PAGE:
American physicians are practicing in a time of rapid changes in the healthcare environment since the introduction of the Affordable Care Act. Private practice physicians have dwindled down to approximately 32% of the physician workforce and now doctors are being employed at a higher rate than ever. Many freshly trained physicians don’t want to deal with the ambiguous new “pay for quality” measures. If a patient experiences complications, does the doctor not get paid? Many physicians don’t want to deal with purchasing EMR systems for their practices for tens of thousands to hundreds of thousands of dollars. In these precarious times, new doctors as well as semi-retired doctors are looking for a stable income without any uncertainty about getting paid or covering their overhead. They are racked with student loans or they are tired of the burdens, viciscittudes, and complexities of running a medical practice.
So the real question for most physicians now is….what is an appropriate and fair salary? When you are negotiating your employment contract, it is imperative to have the data from these top sources to leverage your negotiations. For female physicians–this is even more important–as many of you are still getting paid less for the same amount of work as male physicians, and you need the facts to help you even out the playing field.
To help you understand your potential earnings and value in the marketplace, we have put together a list of the best resources for finding accurate doctor salary data.
1. Medscape Physicians Compensation Report
This annual report uses data gathered from physician survey responses. The report compares MD salaries across a wide spectrum of medical specialties, locations and practice settings. For the 2015 report,19,500 physicians in 25 different specialties were surveyed, giving a very accurate representation of doctor salaries. It is the best resource for finding accurate salary data for physician specialists.
2. American Medical Group Association Compensation (AMGA) Survey
The AMGA performs an annual survey on the compensation for healthcare professionals. The AMGA 2015 Medical Group Compensation and Productivity Survey presents data for 134 physician specialties and 27 other provider specialties, with breakdowns by region and group size. Data points represent responses from 251 medical groups, representing more than 73,000 providers.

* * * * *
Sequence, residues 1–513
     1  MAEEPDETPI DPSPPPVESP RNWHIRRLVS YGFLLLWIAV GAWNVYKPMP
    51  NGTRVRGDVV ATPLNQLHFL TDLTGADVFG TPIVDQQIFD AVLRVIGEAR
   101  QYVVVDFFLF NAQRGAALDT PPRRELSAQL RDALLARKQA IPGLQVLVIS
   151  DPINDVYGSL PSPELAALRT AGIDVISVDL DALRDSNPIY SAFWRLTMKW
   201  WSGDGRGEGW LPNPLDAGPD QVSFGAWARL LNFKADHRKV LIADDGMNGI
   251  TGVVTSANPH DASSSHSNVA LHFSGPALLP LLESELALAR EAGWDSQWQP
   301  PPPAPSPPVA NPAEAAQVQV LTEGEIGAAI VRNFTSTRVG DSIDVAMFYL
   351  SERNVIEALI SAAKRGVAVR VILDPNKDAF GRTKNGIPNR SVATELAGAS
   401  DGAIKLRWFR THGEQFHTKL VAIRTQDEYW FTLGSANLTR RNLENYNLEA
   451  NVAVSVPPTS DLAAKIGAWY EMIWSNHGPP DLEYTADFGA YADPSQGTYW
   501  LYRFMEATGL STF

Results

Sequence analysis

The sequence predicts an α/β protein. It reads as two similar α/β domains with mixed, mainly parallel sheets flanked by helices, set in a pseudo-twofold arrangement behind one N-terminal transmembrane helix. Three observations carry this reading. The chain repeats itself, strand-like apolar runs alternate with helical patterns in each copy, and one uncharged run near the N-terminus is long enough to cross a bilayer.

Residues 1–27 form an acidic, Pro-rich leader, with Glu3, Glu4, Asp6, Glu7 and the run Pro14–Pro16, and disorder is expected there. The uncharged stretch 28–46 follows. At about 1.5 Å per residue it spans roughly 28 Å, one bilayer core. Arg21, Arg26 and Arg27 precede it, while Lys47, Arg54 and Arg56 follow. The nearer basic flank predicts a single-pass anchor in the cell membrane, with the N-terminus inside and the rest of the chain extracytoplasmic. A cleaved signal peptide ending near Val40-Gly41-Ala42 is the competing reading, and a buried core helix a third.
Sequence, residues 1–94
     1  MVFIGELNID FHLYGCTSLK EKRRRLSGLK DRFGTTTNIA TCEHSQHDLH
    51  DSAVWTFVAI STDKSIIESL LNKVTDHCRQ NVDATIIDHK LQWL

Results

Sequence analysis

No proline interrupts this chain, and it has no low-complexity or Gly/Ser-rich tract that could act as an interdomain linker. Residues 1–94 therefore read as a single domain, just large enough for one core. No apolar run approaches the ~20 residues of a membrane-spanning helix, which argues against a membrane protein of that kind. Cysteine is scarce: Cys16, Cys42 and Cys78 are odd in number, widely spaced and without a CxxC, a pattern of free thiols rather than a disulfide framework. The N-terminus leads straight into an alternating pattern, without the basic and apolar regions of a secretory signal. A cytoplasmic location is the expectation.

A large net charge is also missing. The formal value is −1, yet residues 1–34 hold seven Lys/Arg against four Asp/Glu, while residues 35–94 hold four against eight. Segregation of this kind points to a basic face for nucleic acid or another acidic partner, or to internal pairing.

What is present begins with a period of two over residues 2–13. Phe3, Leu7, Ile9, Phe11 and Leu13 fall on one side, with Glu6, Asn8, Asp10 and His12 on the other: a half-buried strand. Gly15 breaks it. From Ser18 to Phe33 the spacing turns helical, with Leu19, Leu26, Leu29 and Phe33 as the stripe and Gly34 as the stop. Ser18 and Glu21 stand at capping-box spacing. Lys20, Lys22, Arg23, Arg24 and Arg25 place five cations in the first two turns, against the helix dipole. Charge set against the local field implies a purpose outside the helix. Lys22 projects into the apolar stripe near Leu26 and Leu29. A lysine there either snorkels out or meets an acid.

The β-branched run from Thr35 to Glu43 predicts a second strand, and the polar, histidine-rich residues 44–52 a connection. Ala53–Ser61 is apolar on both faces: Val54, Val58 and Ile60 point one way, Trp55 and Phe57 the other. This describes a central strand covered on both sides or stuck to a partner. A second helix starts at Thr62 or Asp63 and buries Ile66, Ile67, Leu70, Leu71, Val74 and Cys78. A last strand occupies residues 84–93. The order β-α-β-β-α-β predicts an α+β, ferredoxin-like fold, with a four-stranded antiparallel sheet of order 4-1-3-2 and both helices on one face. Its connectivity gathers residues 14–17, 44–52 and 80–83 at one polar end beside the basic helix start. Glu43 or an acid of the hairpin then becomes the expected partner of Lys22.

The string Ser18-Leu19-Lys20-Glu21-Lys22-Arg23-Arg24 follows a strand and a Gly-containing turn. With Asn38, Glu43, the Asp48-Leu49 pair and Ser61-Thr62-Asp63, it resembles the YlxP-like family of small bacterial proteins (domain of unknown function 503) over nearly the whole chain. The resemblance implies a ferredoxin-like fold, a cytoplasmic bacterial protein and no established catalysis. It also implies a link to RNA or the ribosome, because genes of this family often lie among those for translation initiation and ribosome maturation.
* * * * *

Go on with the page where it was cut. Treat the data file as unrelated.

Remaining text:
The physician compensation report includes:
- National average salary figures for doctor jobs (for both new and experienced practitioners)
- Non-physician administrative salaries
- Compensation for Nurse Practitioners and Physician Assistants
- MD salary figures segmented by medical specialty
- MD salary figures on a region by region basis
- Benchmark data on support staff salaries and benefits, staffing profiles, and management costs.
The 2015 report is currently $375 for AMGA members. However, you will be able to access the superb physician compensation data from the AMGA free (and save yourself the $375) if you fill out a quick registration for CEJKA. You have the freedom to opt-out at any time. You will also get a free print copy of the salary data if you participate in the AMGA Salary Survey.
3. Association of American Medical Colleges (AAMC) — Faculty Salary Survey Reports
The Association of American Medical Colleges (AAMC) releases reports on medical school faculty salaries for physicians interested in going into academia or re-negotiating their contract with universities. The faculty salary survey lists salary details based upon department, degree, region, and ownership. Obtain the report by going to https://services.aamc.org/fssreports (AAMC account required). Paper copies of the annual Report on Medical School Faculty Salaries may be purchased by calling the AAMC at (202) 828-0416 or online at http://www.aamc.org/publications.
4. Medical Group Management Association (MGMA) Physician Compensation and Production Survey: MGMA survey data have been used for more than 35 years as a benchmark for compensation and production in practices of various sizes and types across the country. MGMA reports typically include data from more than 60,100 providers in 170 specialties. The survey is very comprehensive and includes:
- Academic Compensation and Production
- Management and Staff Compensation
- Medical Directorship Compensation
- On-Call Compensation
- Physician Placement Starting Salary